At this time of year my hearing becomes finely tuned, enabling me to pinpoint individual sounds wherever they occur all over the farm – well at least my four acres of it.
With uncanny accuracy I can home in the faintest cheep in the furthest reaches of the dusty barn attic, I can seek out the peeping of any individual even at night.
For at this time of year the chicks start to hatch and from now until September I will be on my guard night and day to save them from themselves and in some cases from the negligence of their mothers.
I don’t know why it is but as soon as I hear that first high pitched peep I can never rest until I know all are safe. I believe I can now differentiate between peepings and cheepings and know which are distress calls and which just exuberance.
Usually the first cheep I will hear will be from a hatchling stuck down the side of a bale or perhaps a pile of wood and after locating it I will endeavour to get it back with the rightful parent and the rest of its siblings.
My chickens, you see, have a tendency to lay in a variety of hidey-holes and some have an exceedingly idiotic survival mechanism, which forces them to lay in the most dangerous of places. Stupid lays her eggs in the barn attic necessitating a 12ft drop for her hatchlings and not all of them have that kamikaze-like attitude to life, which she obviously takes for granted. When you’re only 4 inches high 12ft is an incredibly long way to fall…
Others have been known to lay at the bottom of the grain pit, which is 6ft deep with smooth concrete walls - if you can’t fly your time on this earth is going to be severely limited.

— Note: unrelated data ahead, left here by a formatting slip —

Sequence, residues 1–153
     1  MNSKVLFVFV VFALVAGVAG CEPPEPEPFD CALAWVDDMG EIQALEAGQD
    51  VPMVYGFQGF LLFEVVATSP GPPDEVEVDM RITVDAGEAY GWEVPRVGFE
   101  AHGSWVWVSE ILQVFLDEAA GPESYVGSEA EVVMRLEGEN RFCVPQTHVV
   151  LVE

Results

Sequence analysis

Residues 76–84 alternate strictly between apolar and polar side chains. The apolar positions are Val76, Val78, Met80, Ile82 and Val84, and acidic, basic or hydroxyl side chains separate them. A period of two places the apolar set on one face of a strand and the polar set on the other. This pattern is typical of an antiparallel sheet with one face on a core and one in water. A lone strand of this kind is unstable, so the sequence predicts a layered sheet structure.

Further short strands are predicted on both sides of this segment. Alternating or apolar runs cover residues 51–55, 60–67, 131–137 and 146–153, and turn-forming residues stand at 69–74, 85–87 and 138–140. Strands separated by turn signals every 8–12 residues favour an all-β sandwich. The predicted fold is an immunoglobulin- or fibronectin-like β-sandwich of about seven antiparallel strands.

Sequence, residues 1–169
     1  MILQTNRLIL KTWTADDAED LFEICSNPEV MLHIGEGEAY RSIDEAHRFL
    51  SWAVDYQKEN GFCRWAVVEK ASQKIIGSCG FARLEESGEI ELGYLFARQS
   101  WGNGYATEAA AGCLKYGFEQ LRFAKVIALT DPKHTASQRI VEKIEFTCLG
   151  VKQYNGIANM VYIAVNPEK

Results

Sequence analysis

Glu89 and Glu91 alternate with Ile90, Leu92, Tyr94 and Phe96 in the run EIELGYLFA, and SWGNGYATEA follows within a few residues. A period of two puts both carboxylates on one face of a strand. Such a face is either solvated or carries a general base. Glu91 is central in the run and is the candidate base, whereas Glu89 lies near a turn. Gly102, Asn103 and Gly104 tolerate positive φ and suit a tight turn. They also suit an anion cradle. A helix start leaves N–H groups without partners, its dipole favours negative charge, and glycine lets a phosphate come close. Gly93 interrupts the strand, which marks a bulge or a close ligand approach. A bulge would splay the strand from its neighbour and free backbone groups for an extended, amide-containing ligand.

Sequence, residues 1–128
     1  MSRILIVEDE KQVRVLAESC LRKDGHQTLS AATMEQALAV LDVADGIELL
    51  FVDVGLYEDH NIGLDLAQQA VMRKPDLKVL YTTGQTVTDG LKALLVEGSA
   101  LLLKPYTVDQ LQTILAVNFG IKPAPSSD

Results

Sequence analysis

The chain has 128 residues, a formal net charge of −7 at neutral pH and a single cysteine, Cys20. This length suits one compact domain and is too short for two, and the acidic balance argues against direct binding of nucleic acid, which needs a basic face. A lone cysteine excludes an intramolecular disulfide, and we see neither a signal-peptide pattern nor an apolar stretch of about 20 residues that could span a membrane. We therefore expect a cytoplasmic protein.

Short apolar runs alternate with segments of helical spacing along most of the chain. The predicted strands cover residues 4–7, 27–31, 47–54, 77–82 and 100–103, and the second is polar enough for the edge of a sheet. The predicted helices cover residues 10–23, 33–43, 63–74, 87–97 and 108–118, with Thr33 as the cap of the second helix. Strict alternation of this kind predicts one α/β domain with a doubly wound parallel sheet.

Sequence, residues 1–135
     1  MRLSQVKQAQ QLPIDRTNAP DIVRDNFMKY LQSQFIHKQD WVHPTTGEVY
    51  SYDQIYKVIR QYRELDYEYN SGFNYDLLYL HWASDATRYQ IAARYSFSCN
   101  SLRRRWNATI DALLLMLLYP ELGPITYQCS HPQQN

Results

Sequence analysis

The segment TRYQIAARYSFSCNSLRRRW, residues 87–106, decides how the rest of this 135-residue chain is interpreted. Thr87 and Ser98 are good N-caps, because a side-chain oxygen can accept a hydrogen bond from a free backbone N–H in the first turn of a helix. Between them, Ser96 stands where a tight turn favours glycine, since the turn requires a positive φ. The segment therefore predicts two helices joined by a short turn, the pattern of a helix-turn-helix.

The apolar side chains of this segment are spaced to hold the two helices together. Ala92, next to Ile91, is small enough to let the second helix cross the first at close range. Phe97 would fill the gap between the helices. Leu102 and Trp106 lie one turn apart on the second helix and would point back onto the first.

As much as I try to locate my broodies, I inevitably miss a few. However, once a brood is found to be in trouble or requiring help, the machine, which is Chicken Rescue, swings into action.
This means I locate the problem, assess it and then scout around for suitable assistance depending on the severity of the mission. If it requires climbing then I haul J or any of the builders usually to be found lurking in the vicinity. Wise builders know that as soon as they hear the chicks it is evacuation time but some just can’t help themselves and allow curiosity to get the better of them. I am merciless and no matter how much they plead a fear of heights or feathers there is no escape.
If I know it is an aggressive hen then I normally huff and puff and do the job myself while bitterly complaining about how wimpish men are…
I know each hen and I know how good or bad they are as mothers. The best need only the occasional hand - for instance when a chick gets separated on the wrong side of the fence - while the new ones or those I know that are quite hopeless are given more support in the form of the Nursery coop.
Here I can keep a very beady eye on everyone until I feel it’s time to enjoy the big wide world.
Despite all my efforts, which have had me running around in the dark in only my nightie and a pair of gumboots in an effort to track down a solitary cheeper and reunite with its family, I will lose far too many to count. I will have to kill some that are too weak to survive or that have injured themselves and I hate that: but to see the ones I rescue scampering about in the sunshine fighting over bits of worm almost as long as themselves and to watch them grow warms my heart and makes all the effort worthwhile.